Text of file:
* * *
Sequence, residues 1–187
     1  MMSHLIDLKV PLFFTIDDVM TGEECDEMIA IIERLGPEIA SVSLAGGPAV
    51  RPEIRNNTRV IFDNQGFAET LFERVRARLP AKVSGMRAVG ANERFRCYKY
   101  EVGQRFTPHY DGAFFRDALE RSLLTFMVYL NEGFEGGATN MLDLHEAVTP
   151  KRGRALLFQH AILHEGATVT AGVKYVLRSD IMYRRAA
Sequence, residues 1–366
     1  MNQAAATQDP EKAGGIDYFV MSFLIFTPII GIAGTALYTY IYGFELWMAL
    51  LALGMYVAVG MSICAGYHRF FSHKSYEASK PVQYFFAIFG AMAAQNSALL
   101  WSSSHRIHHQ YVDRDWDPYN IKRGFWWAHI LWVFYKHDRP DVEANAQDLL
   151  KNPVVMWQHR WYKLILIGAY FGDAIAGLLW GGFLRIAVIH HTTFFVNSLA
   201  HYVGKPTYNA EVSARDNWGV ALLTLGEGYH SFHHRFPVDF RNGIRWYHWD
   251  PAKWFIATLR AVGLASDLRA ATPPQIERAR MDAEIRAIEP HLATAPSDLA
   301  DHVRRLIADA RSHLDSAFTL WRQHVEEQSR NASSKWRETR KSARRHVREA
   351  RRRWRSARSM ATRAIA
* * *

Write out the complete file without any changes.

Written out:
Sequence, residues 1–187
     1  MMSHLIDLKV PLFFTIDDVM TGEECDEMIA IIERLGPEIA SVSLAGGPAV
    51  RPEIRNNTRV IFDNQGFAET LFERVRARLP AKVSGMRAVG ANERFRCYKY
   101  EVGQRFTPHY DGAFFRDALE RSLLTFMVYL NEGFEGGATN MLDLHEAVTP
   151  KRGRALLFQH AILHEGATVT AGVKYVLRSD IMYRRAA
Sequence, residues 1–366
     1  MNQAAATQDP EKAGGIDYFV MSFLIFTPII GIAGTALYTY IYGFELWMAL
    51  LALGMYVAVG MSICAGYHRF FSHKSYEASK PVQYFFAIFG AMAAQNSALL
   101  WSSSHRIHHQ YVDRDWDPYN IKRGFWWAHI LWVFYKHDRP DVEANAQDLL
   151  KNPVVMWQHR WYKLILIGAY FGDAIAGLLW GGFLRIAVIH HTTFFVNSLA
   201  HYVGKPTYNA EVSARDNWGV ALLTLGEGYH SFHHRFPVDF RNGIRWYHWD
   251  PAKWFIATLR AVGLASDLRA ATPPQIERAR MDAEIRAIEP HLATAPSDLA
   301  DHVRRLIADA RSHLDSAFTL WRQHVEEQSR NASSKWRETR KSARRHVREA
   351  RRRWRSARSM ATRAIA